Loading
Search
NEWS STORIES

Local Effects of Sequestration UnclearSubmitted: 02/25/2013
Story By Lex Gray


RHINELANDER - First, we went off the fiscal cliff. Then, Washington lawmakers pulled us back up -- but not for long.

Now, the country faces what politicians are calling "the sequester."

If Congress can't reach a deal by Friday, $85 billion will be cut from public programs.

In Wisconsin, that includes schools, the military, and programs for the environment, seniors, public health, child care, and more.

That comes from a 50-page report from the White House on how Wisconsin would be affected.

The report didn't give an exact or estimated dollar amount, and no one around the Northwoods seems to know exactly how they'd be affected, either.

That's true for Dianne Jacobson, director of the Oneida County Department on Aging.

The federal government funds twenty percent of her department.

"That's a significant amount but as I said, we don't want anyone that we serve to worry, 'Oh they're going to cut that program or they're going to reduce that.'" Jacobson said. "We always will have to look based on the funding that we get, but at this point, we are not anticipating a cut of our services."

Jacobson encourages seniors to talk to their local representatives.

Congressman Sean Duffy spoke to us on the phone from Washington, D.C.

He said he wants to prevent cuts to essential services, but the compromise should be about cutting spending, not raising taxes, as the President has proposed.

"We think we have to get our spending under control. And if we don't, you can't tax your way out of this problem," Duffy said. "I'm trying to look for ways, per the prior agreement with the President, to get us to a place where we can actually live within our means. And that means to start cutting the fat and waste within the federal budget."

The Federal Aviation Administration would be included in the cuts, but the Rhinelander-Oneida County Airport is so small, it likely wouldn't be affected.

But the Chippewa Valley Airport would close.

Text Size: + Increase | Decrease -
| Print Story | Email Story
Sponsored in part by HodagSports.com





 IN OTHER NEWS

Play Video

RHINELANDER - You can watch fake doctors perform fake surgeries on TV almost any night of the week.  It's not every day you get to watch an actually surgery performed.

Students from the Northwoods learned their experience Wednesday was not for the faint of heart.

High school and college students filled the Nicolet College Theater in Rhinelander to watch a live stream of an open heart surgery.  Doctors, nurses, and other surgical staff from a hospital in Illinois were on camera and answered questions as they put in a left ventricular assistive device in a 37-year-old man's heart.

+ Read More

CRANDON - A woman charged with helping sneak prescription pills into the Forest County Jail will need several thousand dollars to get out of jail.

52-year-old Patricia Kirker had her initial appearance in Crandon on Thursday.  Police say she supplied 20 pills for an inmate on work release to sell in the jail.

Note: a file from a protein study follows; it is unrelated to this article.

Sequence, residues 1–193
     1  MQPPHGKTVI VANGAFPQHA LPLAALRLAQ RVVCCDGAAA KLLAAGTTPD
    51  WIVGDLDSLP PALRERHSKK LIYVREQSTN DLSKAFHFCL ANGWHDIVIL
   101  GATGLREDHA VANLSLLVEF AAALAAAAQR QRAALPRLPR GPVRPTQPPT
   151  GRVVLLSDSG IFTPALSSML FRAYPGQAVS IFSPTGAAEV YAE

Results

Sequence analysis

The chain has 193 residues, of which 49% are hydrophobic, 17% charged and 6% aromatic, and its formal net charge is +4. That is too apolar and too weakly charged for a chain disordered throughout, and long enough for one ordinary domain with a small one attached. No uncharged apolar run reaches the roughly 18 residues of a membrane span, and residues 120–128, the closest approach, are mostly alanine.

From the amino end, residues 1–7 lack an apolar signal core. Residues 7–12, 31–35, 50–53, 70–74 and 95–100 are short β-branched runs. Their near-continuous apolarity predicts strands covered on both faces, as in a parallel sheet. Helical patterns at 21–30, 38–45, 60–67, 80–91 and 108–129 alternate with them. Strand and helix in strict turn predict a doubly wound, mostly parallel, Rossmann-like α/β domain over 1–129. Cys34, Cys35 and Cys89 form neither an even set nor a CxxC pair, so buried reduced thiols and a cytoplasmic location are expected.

+ Read More

Play Video

VILAS COUNTY - Last August, a Vilas County man threatened to shoot or drown himself, leading to a standoff with police.

Wednesday, 49-year-old Mark Mayo pled guilty to intentionally firing a firearm at a law enforcement officer and operating a firearm while intoxicated.

Last August, Mayo called the Vilas County Sheriff's Office saying he had been drinking, taking prescription pills, and had a gun.

According to police, Mayo said if he saw officers, he would shoot them.

+ Read More

Play Video

CRESCENT - Once Eurasian Water Milfoil invades a lake, it likely won't ever leave a lake.

The invasive species has slowly been making its way into lakes here in the Northwoods.

It first occurred in Squash Lake in Oneida County in 2009. The Lake Association had luck containing the plant by using divers.

"We decided to use divers to pull Eurasian Water Milfoil. Over the years we've worked with divers to do that. It cost roughly $25,000 a year to do that," said Squash Lake Association Board Member Craig Zarley.

+ Read More

Play Video

SCHOFIELD - Today begins the second and final day of ceremonies for fallen Everest Metro Police Detective Jason Weiland.

People already have begun saying their goodbyes.

Funeral services take place DC Everest High School.

You can find a link to a YouTube stream of the funeral services below.

+ Read More

Play Video

MINOCQUA - Minocqua's Northwoods Zip line Adventure Tours added new attractions for the upcoming season in hopes of bringing more people to the Northwoods.

The Northwoods Zip Line Adventure Tours has been a travel destination for thrill seekers around the country.

Owner Josh Russart wanted to bring an extreme outdoor activity to the Northwoods.

"We have something for everyone," said Russart.

But Russart wasn't content with just zip lining. He added more attractions every year since he opened the canopy tours in 2014. Last summer he added an aerial adventure tour.

General manager Andrew Warner says it's a mix of an obstacle course and zip lining.

"Our aerial adventure is going to offer a little bit more of a challenge for people that maybe are a little bit more of a thrill seeker," said Warner.

But Warner says not to worry if you prefer to keep your feet on the ground

+ Read More

MADISON - The Wisconsin Legislature's budget-writing committee is tackling roads funding, tax cuts and Medicaid on the second of three days of state agency briefings.

The Joint Finance Committee on Tuesday was also to hear from Attorney General Brad Schimel and the new secretary of the Department of Veterans Affairs.

+ Read More
+ More General News
Search: 





Click Here